Fifth in the Harry Potter heptology, Harry Potter and the Order of the Phoenix was faced with two major challenges. Firstly, yet another change of director as the job seems to be afflicted with the same curse as Defence Against the Dark Arts teacher; secondly, the necessity of reducing a herculean tome over 750 pages long into a 138-minute film without losing the plot, as it were.
I have to admit I didn’t like the book as much as the previous efforts: it lacks pace. Ms Rowling tends to use a whole paragraph where a sentence would have sufficed, and spell things out when she should suggest. The film is a serious improvement: for example, a lot of the unnecessarily repetitive teenage angst is chucked out in favour of something actually happening – while remaining faithful to the story. I’m tempted, especially after digging out the wrist-breakingly unwieldy volume yet again, to say that the film gives a good idea of what the book should have been like.
Anyway, the film. Fortunately, you don’t have to have read the book to follow it. The atmosphere is dark, as you’d expect. The members of the eponymous (meaning “of the same name”, not a type of glue) Order are all visibly tired and prematurely aged. The casting requires little comment, as all the adults are accomplished actors and fulfill their roles with brio – especially the Nasties: Jason Isaacs can do smoothly venomous with one hand tied behind his back and Helena Bonham Carter’s Bellatrix Lestrange, looking like a Corpse Bride gone wrong, is wonderfully insane. The Alan Rickman fan club will not be disappointed either. I still think Ralph Fiennes’s makeup makes him look like the avenging ghost of the English Patient, though.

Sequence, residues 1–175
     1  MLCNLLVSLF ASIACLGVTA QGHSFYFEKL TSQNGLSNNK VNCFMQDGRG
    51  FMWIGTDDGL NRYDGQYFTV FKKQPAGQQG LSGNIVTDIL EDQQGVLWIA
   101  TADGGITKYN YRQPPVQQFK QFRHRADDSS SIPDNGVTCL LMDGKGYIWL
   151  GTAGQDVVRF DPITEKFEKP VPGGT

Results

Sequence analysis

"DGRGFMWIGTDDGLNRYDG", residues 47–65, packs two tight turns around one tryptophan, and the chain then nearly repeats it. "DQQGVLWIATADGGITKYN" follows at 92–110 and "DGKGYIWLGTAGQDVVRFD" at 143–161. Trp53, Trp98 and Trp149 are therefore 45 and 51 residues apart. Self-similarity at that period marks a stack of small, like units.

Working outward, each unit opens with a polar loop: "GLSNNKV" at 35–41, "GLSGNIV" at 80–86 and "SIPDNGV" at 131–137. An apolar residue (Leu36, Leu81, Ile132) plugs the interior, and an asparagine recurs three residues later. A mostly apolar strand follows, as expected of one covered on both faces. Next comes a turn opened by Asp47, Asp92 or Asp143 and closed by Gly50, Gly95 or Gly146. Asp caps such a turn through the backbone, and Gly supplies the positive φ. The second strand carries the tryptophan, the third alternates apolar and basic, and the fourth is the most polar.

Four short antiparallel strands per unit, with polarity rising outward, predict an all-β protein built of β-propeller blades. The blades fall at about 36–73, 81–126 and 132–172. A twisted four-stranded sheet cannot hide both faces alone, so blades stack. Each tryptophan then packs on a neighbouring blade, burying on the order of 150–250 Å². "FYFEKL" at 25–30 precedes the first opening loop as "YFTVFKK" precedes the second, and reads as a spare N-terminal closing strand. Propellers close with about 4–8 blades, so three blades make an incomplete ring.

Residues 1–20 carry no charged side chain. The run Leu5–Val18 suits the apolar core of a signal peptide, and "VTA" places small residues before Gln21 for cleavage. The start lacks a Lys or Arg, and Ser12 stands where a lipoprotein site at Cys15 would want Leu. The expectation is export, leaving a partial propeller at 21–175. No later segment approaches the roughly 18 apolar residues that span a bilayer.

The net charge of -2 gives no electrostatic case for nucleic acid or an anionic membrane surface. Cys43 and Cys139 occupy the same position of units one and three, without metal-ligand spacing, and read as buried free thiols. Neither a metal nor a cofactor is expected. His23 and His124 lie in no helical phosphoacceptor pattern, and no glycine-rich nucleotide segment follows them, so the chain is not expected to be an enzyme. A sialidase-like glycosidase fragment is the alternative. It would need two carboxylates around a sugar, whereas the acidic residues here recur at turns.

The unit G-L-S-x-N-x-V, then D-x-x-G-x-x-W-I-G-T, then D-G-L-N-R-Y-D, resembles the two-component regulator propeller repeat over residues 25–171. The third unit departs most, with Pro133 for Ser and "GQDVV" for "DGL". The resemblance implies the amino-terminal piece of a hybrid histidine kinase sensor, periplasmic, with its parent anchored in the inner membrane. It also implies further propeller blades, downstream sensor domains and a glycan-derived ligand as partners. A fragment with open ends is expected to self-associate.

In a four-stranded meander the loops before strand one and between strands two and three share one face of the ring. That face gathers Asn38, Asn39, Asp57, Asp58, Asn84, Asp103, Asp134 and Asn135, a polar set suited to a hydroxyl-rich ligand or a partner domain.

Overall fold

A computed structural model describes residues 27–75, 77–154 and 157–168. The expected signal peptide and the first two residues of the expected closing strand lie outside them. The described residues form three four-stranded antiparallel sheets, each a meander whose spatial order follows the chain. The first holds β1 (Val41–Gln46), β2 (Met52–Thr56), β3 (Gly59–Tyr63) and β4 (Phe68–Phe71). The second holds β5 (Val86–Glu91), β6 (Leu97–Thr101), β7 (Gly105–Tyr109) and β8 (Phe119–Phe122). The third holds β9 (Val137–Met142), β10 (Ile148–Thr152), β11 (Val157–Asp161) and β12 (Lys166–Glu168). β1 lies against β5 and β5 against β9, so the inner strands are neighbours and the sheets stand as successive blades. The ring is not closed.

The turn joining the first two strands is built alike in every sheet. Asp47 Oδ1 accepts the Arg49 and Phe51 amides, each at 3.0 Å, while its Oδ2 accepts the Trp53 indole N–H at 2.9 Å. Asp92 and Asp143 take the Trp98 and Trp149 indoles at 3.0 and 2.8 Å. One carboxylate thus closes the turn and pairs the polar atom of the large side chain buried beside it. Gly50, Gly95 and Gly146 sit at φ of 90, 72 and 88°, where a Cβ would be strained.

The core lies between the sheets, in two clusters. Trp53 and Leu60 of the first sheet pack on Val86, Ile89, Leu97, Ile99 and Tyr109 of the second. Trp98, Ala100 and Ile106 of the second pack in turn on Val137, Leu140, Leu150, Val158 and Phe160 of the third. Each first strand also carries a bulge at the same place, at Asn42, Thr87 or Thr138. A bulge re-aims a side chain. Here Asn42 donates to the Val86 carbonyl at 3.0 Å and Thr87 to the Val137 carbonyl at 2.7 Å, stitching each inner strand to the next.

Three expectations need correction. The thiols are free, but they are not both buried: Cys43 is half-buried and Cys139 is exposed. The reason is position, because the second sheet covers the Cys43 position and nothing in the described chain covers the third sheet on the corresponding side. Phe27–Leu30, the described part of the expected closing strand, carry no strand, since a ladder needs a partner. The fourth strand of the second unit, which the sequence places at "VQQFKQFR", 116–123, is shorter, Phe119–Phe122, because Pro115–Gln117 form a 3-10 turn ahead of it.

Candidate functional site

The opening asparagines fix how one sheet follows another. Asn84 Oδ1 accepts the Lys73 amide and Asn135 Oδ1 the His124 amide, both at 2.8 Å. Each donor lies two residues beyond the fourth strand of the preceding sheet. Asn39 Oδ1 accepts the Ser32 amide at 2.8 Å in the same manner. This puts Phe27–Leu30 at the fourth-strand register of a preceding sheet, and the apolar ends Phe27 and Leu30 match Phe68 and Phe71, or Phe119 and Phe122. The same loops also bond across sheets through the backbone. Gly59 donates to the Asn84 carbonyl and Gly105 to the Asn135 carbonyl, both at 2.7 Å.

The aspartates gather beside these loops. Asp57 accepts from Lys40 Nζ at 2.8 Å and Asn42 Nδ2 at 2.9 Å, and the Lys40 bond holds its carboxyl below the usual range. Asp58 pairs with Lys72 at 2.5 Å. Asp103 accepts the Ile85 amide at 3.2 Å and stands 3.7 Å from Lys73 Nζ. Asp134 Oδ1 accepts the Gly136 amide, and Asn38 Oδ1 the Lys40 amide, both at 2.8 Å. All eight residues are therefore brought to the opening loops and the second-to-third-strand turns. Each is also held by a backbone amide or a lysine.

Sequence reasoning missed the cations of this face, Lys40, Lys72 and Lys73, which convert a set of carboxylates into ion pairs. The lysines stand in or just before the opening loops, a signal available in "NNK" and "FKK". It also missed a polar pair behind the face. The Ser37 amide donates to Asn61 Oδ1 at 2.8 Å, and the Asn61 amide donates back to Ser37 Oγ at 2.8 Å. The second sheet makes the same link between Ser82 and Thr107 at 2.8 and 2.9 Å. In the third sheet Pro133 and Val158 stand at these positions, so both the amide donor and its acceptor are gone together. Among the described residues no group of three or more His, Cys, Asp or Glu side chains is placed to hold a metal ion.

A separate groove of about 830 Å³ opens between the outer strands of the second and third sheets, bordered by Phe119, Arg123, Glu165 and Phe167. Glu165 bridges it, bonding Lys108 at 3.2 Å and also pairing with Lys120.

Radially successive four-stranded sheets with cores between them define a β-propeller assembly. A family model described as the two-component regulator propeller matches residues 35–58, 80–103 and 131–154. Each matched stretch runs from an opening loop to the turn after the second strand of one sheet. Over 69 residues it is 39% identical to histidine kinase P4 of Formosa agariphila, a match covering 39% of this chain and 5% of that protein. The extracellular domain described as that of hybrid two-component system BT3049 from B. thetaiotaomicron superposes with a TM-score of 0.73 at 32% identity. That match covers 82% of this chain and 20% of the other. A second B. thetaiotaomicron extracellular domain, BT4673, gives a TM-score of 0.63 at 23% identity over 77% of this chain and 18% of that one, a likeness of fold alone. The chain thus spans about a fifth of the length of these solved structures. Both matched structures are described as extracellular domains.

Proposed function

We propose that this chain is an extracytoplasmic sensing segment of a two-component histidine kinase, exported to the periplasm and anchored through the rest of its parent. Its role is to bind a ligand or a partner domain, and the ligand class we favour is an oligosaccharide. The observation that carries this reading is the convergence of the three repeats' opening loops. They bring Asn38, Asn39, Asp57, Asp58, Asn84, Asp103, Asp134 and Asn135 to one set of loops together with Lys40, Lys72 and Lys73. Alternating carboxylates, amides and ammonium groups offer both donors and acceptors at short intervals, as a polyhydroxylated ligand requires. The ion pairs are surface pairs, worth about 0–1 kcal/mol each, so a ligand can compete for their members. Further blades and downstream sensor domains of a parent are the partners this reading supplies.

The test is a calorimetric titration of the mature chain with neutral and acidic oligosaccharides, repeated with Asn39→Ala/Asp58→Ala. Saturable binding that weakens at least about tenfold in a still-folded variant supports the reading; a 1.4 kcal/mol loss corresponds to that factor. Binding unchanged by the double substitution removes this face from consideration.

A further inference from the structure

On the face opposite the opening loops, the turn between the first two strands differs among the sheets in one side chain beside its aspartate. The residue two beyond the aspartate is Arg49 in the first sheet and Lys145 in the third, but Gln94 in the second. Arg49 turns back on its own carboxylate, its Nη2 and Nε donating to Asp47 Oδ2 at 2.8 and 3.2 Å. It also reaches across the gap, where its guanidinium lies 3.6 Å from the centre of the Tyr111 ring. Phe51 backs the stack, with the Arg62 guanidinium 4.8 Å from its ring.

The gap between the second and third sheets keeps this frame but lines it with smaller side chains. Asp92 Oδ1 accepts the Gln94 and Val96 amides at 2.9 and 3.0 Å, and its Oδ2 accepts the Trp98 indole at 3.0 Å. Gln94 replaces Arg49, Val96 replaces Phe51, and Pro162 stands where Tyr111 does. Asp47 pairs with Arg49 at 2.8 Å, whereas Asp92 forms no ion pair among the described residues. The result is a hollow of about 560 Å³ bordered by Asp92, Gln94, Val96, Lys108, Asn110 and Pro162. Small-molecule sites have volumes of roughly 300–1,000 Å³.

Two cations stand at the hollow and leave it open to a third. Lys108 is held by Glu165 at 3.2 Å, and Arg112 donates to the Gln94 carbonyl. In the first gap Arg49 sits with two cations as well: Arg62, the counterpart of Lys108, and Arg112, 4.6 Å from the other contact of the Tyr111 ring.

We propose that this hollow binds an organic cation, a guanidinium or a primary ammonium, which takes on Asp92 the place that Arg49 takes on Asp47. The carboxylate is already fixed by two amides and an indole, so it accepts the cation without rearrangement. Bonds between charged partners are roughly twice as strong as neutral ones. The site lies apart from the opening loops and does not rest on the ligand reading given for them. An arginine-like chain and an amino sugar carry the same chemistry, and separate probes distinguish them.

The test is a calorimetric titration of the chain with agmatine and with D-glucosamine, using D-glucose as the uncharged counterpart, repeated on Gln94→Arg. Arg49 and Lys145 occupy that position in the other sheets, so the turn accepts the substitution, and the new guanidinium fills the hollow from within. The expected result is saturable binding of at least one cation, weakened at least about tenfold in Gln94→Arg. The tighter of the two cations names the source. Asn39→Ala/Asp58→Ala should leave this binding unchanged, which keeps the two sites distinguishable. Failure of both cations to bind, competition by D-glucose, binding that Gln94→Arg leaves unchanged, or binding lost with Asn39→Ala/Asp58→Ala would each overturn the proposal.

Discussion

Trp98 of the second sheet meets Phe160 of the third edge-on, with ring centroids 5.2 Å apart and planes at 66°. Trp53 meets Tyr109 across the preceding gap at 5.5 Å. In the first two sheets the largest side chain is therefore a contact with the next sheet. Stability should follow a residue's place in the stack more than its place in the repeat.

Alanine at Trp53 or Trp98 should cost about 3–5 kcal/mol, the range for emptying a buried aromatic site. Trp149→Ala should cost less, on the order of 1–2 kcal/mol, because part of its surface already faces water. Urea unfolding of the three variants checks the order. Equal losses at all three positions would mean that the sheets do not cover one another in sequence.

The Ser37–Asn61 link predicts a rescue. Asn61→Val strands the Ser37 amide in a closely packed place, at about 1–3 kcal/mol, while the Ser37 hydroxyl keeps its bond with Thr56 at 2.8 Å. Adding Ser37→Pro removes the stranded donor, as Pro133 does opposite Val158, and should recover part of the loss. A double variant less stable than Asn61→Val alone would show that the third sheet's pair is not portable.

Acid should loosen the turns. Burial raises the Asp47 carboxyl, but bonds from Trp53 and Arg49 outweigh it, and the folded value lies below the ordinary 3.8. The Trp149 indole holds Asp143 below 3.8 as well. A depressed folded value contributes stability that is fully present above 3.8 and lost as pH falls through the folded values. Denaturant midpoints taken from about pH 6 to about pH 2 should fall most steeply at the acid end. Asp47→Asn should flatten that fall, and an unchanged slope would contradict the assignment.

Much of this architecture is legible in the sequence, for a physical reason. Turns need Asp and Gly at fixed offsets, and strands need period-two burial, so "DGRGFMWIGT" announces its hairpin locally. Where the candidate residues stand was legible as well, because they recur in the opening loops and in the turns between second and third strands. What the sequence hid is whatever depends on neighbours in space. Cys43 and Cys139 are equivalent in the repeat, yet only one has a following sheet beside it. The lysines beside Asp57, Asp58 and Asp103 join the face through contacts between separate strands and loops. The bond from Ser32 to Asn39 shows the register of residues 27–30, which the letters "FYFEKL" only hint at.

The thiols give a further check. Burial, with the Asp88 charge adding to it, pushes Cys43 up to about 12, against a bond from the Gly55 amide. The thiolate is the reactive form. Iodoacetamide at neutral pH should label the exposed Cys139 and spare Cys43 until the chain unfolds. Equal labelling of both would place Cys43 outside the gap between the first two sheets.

The great question of course is: if the scenario, direction and performances of the regular actors are all up to scratch, what then of the dreaded Dolores Jane Umbridge? Does this year’s Dark Arts teacher make or break the film? I have to admit I had grave doubts on seeing the trailer. Fear not, for Imelda Staunton’s majestic performance as the saccharine poison sac is everything it could be hoped to be, and that from the moment she first opens her mouth.
As for the children, they’re still growing up and acquiring experience. One or two still seem to think that being evil means mugging outrageously, Hermione Granger’s lines tend to be unrealistic and cringeworthy – hardly the fault of the young actress afflicted with them – but on the whole they acquit themselves honorably of their task. The new character, Luna Lovegood, is exactly right.
Despite the breathtaking broom ride near the start of the film, the joint efforts of the Weasley twins to brighten up dull exams, and the spectacular magical battle towards the end, overall the film lacks action. Again, this is more the fault of the book than anything. It does not lack pace, however, and passed the Great Watch Test (based on how often you look at your watch to see how long before the end of the film) with ease. I’d give it 7 out of 10.